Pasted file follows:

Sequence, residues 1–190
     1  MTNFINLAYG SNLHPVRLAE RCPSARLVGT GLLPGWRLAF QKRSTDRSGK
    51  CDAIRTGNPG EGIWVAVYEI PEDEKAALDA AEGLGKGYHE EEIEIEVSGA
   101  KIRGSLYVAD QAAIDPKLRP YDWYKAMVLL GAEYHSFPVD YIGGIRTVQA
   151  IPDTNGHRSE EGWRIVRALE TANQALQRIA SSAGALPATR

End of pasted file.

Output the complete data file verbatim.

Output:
Sequence, residues 1–190
     1  MTNFINLAYG SNLHPVRLAE RCPSARLVGT GLLPGWRLAF QKRSTDRSGK
    51  CDAIRTGNPG EGIWVAVYEI PEDEKAALDA AEGLGKGYHE EEIEIEVSGA
   101  KIRGSLYVAD QAAIDPKLRP YDWYKAMVLL GAEYHSFPVD YIGGIRTVQA
   151  IPDTNGHRSE EGWRIVRALE TANQALQRIA SSAGALPATR